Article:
Because how runes were used can be analysed across the time period during which they were in use, the methods of adaptation the Anglo-Saxons used with them can also be employed to solve the current problem of diverse accents across space/location. I have seldom seen anyone even try to do this and those who have inevitably run into the fault of failing to realise that they themselves have an accent which restricts their ability to design a system that people with significantly different accents can use. This is what I have almost finished doing now after several years working part-time on this problem.

By way of example, based upon Hurlebatte’s choice of the word “father” to represent his tweaked sound for the ᚪ rune, I can deduce with relative confidence that he uses that same vowel sound in the words “palm” and “lot”. Unfortunately for him, most accents (including RP) use different vowel sounds for the PALM and LOT lexical sets. In this case, he has created an artificial merger for many millions of English speakers, probably without even realising it. Although, he does acknowledge when speaking about ᚩ that he has dropped the short O sound that rune originally made (presumably because he could not hear it as a distinct sound).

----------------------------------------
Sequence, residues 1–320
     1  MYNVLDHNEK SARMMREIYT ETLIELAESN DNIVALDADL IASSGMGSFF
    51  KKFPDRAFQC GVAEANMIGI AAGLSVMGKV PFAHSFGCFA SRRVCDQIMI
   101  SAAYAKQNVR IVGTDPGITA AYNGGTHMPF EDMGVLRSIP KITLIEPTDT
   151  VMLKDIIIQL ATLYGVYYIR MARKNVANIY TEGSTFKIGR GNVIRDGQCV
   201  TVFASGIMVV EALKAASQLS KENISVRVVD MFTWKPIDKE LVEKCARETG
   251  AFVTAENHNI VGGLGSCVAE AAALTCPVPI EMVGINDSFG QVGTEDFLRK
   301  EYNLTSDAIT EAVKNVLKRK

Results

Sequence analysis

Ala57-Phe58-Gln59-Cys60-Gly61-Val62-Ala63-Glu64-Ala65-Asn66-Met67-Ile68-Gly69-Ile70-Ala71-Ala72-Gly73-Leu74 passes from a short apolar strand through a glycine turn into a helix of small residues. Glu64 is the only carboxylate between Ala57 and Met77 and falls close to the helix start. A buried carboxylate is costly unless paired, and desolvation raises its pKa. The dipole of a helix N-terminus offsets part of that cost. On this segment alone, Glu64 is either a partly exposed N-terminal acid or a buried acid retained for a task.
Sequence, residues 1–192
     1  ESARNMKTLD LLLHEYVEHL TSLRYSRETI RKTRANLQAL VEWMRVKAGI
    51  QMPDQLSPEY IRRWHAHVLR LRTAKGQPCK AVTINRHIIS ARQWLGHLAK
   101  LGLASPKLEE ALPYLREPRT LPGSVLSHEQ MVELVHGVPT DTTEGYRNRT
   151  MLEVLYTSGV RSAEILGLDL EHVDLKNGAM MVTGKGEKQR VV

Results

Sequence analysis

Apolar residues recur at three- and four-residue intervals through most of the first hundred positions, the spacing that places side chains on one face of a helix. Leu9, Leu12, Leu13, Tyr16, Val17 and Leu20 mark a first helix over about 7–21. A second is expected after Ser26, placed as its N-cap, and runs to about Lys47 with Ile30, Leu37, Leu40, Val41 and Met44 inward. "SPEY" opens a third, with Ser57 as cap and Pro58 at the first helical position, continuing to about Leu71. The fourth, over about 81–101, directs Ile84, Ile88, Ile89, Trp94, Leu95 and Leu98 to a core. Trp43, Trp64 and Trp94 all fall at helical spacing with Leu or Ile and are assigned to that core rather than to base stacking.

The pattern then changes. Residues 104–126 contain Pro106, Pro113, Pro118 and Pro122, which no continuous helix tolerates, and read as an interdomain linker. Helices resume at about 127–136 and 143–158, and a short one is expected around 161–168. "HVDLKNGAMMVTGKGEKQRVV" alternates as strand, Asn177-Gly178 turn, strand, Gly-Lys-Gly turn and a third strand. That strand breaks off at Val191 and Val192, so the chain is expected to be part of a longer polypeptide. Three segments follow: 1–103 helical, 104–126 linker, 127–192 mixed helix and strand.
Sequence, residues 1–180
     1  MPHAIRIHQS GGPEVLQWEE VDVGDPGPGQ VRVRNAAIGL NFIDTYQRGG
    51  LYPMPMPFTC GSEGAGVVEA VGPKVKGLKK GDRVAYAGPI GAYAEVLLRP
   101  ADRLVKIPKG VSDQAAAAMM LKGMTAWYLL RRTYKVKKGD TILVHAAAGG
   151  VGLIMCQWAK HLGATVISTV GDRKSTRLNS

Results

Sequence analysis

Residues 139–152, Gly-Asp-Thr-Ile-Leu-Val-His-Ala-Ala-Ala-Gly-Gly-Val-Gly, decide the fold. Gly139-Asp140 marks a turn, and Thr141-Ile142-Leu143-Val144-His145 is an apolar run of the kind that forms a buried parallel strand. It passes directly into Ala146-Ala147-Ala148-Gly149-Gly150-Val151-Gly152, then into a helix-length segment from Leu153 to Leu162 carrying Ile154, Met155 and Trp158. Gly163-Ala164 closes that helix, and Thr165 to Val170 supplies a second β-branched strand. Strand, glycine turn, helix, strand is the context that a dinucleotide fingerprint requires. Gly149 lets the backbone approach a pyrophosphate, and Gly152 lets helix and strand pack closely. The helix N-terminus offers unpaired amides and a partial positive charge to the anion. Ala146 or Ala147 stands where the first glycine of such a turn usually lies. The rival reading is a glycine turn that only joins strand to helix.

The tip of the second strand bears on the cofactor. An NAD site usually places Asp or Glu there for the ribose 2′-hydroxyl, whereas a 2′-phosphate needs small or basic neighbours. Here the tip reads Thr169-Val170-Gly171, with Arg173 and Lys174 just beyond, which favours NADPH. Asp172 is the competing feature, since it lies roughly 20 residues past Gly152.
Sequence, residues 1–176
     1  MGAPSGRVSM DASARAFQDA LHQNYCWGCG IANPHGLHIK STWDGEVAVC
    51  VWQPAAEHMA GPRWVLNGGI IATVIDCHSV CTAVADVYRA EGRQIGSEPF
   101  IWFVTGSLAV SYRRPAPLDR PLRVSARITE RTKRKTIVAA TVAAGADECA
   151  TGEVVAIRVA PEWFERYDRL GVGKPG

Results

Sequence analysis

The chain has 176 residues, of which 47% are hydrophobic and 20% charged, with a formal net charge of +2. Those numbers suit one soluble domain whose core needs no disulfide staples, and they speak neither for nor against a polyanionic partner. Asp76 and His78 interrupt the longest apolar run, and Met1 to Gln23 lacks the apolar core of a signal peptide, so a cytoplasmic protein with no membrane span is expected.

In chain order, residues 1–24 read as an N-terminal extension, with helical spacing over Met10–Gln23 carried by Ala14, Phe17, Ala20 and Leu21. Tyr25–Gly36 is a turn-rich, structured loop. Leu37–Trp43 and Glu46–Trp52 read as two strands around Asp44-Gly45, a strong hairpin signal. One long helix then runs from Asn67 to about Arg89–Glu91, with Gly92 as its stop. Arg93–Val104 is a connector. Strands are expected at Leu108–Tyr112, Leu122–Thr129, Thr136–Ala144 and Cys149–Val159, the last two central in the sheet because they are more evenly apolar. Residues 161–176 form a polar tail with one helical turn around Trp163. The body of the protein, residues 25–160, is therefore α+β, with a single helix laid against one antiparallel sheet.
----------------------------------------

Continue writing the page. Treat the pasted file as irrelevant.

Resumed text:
1. Hurlebatte unnecessarily abolished the use of ᚣ by not repurposing it.

Although this rune’s historic sound is still used in a very small minority of English dialects, speakers of those dialects almost always considered that sound to be allophonic with another vowel sound. It would be more logical to repurpose it in light of its history.

The rune ᚣ was originally created to distinguish a sub-set of the sounds made by ᚢ. One of those sounds was the sound still heard today in the Scottish pronunciation of “cow” (which sounds a lot like “coo”). Consequently, it is logical to conclude that ᚣ would have been the rune making that sound when it morphed into the vowel in the MOUTH lexical set in Modern English. There is no need to assume a digraph for that sound as Hurlebatte does.

  1. In regards to [ʌ], he makes the American mistake recently discussed by Dr Geoff Lindsey on his YouTube channel of falsely assuming that it is always stressed. That is not the case, nor is the schwa always unstressed. (But it may be best to see his video on that topic at: https://www.youtube.com/watch?v=wt66Je3o0Qg )

There is a better option for the modern sound of the ᛟ rune but that’s another topic.